Inspiration came pretty quickly. I remembered that we had a partial bag of kale in the freezer, and figured that white beans + kale would make a lovely soup. But when I dumped the leftover beans into a saucepot, there was far less left-over than I thought there was. And there wasn't all that much kale, either. Once I poured in a couple cups of chicken stock, the soup seemed a bit insipid. But that was going to be dinner and I had to do something to beef it up, so to speak.

I went back to the freezer to rummage for more ingredients. I found two partial bags of corn kernels, and a few green beans in another package. I pulled out the chicken andouille sausage we had just purchased from Trader Joe's the day before and hacked off two of the frozen links, popping them in the microwave to thaw enough for me to chop them. The original beans were flavored with andouille, so this was a perfect addition. I also grabbed a can of tomatoes from the cupboard, and used a bit of tomato paste as well.

After a vigorous 20-minute simmer, the beans had broken down considerably, the tomatoes had lost their canned taste, and the sausage lent a spicy meatiness to the soup. A grating of fresh cheese on top gave it just a tiny bit more depth, and a freshly-baked loaf of bread made it dinner.

Leftover White Bean and Kale Soup

1 cup leftover white beans (or 1 can cannellini beans, drained and rinsed)
1 cup frozen kale
3 cups chicken stock
1/2 teaspoon Bouquet Garni seasoning, or add rosemary and thyme to taste
1/2 teaspoon garlic powder
1 15-oz can diced tomatoes and their juice
1 cup frozen green beans
1/2 cup frozen corn
2 andouille sausages, diced
1 tablespoon tomato paste
pinch red pepper flakes
salt and pepper to taste
grated Parmesan cheese

Add everything except salt and pepper and cheese to a 2 quart sauce pot. Bring to a boil, then turn heat down and simmer for 20 - 30 minutes. If you're using the can of beans, stir frequently to break them up a bit. Season with salt and pepper to taste. Serve in wide bowls with a grating of fresh Parm or other hard cheese on top.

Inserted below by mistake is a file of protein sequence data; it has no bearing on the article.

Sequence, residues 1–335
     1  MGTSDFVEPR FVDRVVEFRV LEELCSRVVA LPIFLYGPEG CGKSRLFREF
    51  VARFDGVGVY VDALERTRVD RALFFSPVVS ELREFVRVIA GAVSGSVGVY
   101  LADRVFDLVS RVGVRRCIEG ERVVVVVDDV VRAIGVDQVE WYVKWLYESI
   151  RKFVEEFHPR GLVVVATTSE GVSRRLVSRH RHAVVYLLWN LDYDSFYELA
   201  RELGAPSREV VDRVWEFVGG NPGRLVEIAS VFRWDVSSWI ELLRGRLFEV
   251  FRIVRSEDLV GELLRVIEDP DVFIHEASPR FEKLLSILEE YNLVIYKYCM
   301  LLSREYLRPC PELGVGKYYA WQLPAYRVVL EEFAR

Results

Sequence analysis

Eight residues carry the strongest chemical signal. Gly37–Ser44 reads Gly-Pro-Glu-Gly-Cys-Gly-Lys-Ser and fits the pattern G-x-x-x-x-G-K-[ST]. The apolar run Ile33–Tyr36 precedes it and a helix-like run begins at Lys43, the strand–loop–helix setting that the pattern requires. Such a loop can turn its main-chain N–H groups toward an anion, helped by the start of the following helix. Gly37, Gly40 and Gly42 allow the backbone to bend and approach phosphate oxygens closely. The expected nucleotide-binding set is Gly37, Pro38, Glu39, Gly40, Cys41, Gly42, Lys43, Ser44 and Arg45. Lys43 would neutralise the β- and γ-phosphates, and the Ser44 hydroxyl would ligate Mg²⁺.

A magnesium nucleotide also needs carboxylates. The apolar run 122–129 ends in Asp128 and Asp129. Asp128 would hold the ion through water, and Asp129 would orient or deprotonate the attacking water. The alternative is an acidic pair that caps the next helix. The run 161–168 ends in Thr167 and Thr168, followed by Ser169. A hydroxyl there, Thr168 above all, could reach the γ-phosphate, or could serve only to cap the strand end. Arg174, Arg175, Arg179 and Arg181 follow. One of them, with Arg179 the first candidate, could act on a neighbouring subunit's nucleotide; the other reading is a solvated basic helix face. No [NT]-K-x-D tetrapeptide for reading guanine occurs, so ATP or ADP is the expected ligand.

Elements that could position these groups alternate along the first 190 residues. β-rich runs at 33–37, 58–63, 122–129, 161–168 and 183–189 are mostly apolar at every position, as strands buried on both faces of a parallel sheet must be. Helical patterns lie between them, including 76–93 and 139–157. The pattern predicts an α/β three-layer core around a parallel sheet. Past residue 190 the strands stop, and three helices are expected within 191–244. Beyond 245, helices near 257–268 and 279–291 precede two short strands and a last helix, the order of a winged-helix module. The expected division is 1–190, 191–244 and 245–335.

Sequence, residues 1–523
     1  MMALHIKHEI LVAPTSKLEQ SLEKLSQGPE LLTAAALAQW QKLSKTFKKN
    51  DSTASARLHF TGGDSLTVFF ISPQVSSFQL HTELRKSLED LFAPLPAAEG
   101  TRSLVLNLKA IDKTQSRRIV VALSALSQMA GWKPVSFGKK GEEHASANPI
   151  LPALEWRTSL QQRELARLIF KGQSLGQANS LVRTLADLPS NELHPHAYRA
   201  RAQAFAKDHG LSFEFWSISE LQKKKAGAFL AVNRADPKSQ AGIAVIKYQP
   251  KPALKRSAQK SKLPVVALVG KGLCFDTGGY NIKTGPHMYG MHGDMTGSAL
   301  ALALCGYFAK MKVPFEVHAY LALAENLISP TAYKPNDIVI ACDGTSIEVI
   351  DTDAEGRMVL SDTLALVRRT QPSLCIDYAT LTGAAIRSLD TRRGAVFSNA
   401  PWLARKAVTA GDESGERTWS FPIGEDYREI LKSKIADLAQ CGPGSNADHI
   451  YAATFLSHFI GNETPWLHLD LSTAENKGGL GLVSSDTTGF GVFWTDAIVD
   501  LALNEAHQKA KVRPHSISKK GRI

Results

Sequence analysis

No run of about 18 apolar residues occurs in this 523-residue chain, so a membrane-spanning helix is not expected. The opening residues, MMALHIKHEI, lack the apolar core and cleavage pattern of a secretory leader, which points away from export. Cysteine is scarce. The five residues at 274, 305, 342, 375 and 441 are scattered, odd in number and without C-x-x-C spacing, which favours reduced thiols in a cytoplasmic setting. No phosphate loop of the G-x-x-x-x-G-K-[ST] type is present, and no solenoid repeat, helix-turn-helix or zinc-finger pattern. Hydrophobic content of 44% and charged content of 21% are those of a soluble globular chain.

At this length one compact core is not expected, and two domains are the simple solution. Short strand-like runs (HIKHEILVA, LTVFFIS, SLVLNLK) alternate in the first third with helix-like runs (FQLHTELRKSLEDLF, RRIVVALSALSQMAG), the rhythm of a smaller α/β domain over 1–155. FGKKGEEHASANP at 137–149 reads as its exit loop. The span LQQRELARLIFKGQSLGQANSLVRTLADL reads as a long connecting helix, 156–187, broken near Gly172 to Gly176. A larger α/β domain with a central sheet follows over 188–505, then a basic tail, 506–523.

Serves 2-4.

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Posted on Minxeats.com.

Thursday, February 06, 2014

Deconstructed Cassoulet

There's a new Asian grocery store in Catonsville called Great Wall. It caters to a largely Chinese clientele, and while I'm not Chinese, I find myself cooking more Chinese-style food than anything from other Asian cultures. That made Great Wall right up my alley, especially when I discovered the selection of duck parts, including whole ducks, duck tongues, and duck legs. On our first exploratory trip to the store, I grabbed a pack of two duck legs to keep in the freezer until inspiration struck.

Inspiration struck pretty quickly.

I had never cooked duck legs on their own before, but after doing some research found that confitting them (cooking them in their own fat) was a pretty simple proposition. Ordinarily, a confit involves extra duck fat in addition to the fat on the legs, but I didn't have that. (I did have a cup or so of bacon grease, left over from making a quadruple batch of bacon jam, but that wasn't going to work. Or maybe it would, but I didn't want bacon-flavored duck. I wanted duck-flavored duck.) Instead, I just went ahead and cooked the legs as is, figuring nothing could go terribly wrong.

Ok, I know you're now expecting me to relate a disaster story. But really--nothing went wrong. As the duck cooked low and slow, its fat was rendered, the meat cooked, and the skin got crisp. Exactly the results I wanted.